The Museum of Modern Art has never known quite what to do with Willem de Kooning. You can package Jackson Pollock as drips and Barnett Newman as zips, but de Kooning, who painted both opulent abstractions and big, blowsy dames, resists easy branding. So, apart from a show of late work in 1997, the museum has neglected him, until now.
With the opening of “De Kooning: A Retrospective” this coming Sunday decades of overdue debt are paid in full. The show, which fills MoMA’s entire sixth floor with some 200 paintings, drawings and sculptures, is exhaustively comprehensive, exhaustingly large and predictably awe inspiring. It not only positions de Kooning far forward in a 20th-century American cavalcade of stars, it turns his career into a kind of Rose Bowl float of creative exuberance and invention.
Most usefully the show lets de Kooning be complicated: it presents his art as a bifurcated yet unitary phenomenon. John Elderfield, chief curator emeritus of painting and sculpture at MoMA, unfurls seven decades of work through seven galleries. In each we see abstract and figurative paintings of roughly the same date not just side by side but also interacting, intertwining, merging identities; abstraction breathes, smiles and bleeds; figures shimmer and shudder apart into color and line.
In its shape the show adheres to a classic cradle-to-grave survey model, beginning with a still life that de Kooning painted at the age of 12 in his Dutch hometown, Rotterdam. By his early teenage years he was already working in a commercial design firm, where he learned sign-lettering and paste-up techniques like tracing, copying and layering.
All of this came in handy while looking for work when he first arrived, after stowing away on a freighter, in the United States in 1926. More important in the long run, his design training, with its emphasis on creating an organic-looking whole from many pieces, ended up as the formal bedrock of his art.
He was lucky in being, by temperament, chronically hungry and omnivorous. In the first two sections of the show, which take us in giant steps up to 1949, we see him devouring his way through visual history past and present, gobbling up images from Ingres, Rubens, Soutine and Picasso; from contemporaries like Arshile Gorky; and from movie ads, Sunday comics and the graphics in New York police gazettes.
While some artists and thinkers of the day were promoting an art of utopian purity, one that required shutting a door between art and life, de Kooning’s appetite took him in the opposite, though really no less utopian, direction. He wanted to open everything up, to bring — to squeeze — everything into art: high, low; old, new; savagery, grace.
And so he did, in a laborious, pieced-together, piled-up, revision-intensive way. Far from being the sort of impulsive, gut-spilling artist implied by the term “action painting,” he was a deliberator. Every painting was a controlled experiment.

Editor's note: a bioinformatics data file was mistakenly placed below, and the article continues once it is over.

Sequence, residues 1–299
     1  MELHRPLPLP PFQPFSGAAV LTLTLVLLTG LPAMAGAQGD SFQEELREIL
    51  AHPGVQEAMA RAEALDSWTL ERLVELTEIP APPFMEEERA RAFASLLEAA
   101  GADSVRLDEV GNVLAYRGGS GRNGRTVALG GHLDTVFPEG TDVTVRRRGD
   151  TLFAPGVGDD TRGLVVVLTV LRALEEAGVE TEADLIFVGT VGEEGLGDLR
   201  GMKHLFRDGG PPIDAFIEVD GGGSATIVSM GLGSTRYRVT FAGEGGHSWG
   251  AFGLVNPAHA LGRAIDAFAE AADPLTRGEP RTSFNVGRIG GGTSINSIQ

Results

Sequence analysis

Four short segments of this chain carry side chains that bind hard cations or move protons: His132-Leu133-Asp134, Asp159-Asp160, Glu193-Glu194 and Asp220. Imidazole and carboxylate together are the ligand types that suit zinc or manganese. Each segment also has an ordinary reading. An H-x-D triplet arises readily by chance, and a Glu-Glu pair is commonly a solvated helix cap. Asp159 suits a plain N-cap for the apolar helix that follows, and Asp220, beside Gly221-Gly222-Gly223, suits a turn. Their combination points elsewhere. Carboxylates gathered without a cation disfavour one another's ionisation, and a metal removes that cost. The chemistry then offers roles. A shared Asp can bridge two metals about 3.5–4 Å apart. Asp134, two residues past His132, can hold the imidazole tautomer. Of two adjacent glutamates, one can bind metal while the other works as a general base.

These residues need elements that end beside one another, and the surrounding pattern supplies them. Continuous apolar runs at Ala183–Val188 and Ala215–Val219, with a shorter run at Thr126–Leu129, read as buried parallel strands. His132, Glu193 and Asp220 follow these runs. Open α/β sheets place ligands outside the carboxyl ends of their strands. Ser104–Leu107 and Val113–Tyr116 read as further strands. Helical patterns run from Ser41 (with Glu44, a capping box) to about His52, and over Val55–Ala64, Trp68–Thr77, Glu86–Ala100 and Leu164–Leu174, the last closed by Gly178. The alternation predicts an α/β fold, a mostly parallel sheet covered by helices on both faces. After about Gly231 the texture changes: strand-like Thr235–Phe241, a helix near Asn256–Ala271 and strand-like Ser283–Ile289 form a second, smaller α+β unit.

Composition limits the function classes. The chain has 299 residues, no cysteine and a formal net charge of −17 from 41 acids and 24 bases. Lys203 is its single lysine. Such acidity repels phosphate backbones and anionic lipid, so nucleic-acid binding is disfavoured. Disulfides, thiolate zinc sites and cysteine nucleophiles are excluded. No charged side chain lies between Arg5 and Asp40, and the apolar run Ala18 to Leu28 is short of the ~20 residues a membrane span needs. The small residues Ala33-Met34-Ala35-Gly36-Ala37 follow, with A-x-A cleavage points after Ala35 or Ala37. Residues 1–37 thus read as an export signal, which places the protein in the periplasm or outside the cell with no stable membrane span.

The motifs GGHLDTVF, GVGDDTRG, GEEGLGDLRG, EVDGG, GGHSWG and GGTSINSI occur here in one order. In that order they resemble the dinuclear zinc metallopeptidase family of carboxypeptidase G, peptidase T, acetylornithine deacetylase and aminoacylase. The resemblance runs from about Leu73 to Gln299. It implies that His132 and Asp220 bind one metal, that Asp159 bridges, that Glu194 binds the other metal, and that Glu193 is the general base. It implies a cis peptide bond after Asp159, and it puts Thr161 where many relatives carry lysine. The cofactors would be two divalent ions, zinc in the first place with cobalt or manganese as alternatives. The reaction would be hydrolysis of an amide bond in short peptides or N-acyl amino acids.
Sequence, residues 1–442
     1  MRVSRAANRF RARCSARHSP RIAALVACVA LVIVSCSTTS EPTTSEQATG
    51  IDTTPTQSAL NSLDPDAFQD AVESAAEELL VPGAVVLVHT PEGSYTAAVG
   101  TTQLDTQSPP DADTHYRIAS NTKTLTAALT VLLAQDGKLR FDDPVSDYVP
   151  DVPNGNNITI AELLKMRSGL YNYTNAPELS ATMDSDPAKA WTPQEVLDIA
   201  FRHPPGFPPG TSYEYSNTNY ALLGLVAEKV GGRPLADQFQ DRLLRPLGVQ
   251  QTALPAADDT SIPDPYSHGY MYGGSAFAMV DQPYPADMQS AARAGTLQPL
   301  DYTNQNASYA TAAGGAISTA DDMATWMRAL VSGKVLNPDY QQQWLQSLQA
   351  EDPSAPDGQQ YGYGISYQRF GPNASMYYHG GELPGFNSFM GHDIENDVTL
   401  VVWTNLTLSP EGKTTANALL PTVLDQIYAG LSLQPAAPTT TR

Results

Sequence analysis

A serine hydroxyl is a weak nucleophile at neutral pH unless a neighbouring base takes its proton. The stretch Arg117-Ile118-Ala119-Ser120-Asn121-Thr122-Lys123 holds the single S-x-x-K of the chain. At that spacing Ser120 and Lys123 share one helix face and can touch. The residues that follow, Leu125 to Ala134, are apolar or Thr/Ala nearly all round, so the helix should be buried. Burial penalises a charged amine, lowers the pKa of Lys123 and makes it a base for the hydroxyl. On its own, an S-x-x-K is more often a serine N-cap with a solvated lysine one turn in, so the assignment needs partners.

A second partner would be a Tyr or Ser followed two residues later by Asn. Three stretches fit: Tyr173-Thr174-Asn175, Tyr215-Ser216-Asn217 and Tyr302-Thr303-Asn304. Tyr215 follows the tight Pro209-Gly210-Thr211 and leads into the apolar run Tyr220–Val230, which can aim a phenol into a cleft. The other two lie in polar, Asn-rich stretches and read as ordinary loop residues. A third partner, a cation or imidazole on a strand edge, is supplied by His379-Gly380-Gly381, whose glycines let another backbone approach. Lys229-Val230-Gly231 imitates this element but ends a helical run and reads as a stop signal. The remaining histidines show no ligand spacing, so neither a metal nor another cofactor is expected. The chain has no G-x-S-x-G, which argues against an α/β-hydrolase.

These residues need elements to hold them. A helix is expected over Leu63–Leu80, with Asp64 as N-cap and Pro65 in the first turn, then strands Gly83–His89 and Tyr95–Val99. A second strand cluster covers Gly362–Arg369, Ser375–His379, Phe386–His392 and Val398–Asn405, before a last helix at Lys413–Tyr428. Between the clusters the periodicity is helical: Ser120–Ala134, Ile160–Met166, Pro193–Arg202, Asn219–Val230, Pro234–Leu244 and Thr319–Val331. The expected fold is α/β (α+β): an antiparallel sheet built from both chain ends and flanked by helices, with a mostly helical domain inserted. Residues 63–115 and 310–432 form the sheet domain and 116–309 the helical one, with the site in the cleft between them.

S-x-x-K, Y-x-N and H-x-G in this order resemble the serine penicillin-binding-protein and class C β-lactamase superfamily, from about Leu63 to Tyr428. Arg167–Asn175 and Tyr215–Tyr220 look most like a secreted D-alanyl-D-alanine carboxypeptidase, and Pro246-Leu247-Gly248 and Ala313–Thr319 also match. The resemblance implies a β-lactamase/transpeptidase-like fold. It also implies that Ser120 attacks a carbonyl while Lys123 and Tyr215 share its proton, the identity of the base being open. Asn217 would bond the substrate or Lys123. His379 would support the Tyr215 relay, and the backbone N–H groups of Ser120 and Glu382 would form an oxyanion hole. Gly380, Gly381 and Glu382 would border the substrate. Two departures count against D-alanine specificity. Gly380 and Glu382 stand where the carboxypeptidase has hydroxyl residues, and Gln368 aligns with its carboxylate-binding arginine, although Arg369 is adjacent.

Typically he would start with a drawing, add paint, draw on top of the paint, scrape the surface down, draw more images traced and transferred from elsewhere, add paint to them, and on and on. Given this process, it seems astonishing that he was so prolific, until you remember that he was virtually never not working: trying this, tweaking that, scrapping failures, starting afresh.
Whenever the enormousness of the MoMA show gets you down, stop in front of one picture, almost any one, and linger. The basic, energy-generating dynamic of de Kooning’s art operates in microcosm in nearly every single thing he did after the mid-1940s.
Experiencing the physical mechanics of his art close up, in action, is the real thrill of the show. To engage with it is to meet a person rather than just visit a monument.
The late 1940s was when de Kooning first caught fire, when abstraction and figures first merged. That’s the story of “Pink Angels” from around 1945, the final painting in his first series devoted to images of women. From painting to painting, the single seated figure in the series grows less naturalistic, begins to lose its contours, to dissolve into its surroundings.
By “Pink Angels” the figures have lost their clothes, lost their faces, and become monstrously voluptuous, approximately human forms made from chunks of cut-up flesh. It’s as if we’re seeing the cleanup phase of a sloppy autopsy, but one that took place inside a chamber of gold.
How such a scene can be beautiful is hard to say, but it is. De Kooning once famously observed that “flesh was the reason why oil paint was invented.” It’s important to remember that he wasn’t thinking only of the milk-white flawless flesh of Titian courtesans but also flesh that bruised, bled, rotted away. The vanitas awareness of the 17th-century Dutch still-life painters was strong in him, the bass note to his force-of-life vigor.
In “Pink Angels” his nods to Picasso, Matisse and Miró are easy to spot, but one detail, the image of a fish head with the gaping mouth that forms the angel’s foot, is a puzzler. It’s lifted from a 16th-century print of “The Last Judgment” by Pieter Bruegel the Elder. In 1946 de Kooning painted a picture called “Judgment Day.” From a distance it seems vaguely abstract. (Again, much of his work looks vague from afar, particularly in MoMA’s galleries, which are way overscaled for this art.) But up close you see that it’s packed with four crablike figures: the angels of the Apocalypse crouched in a huddle.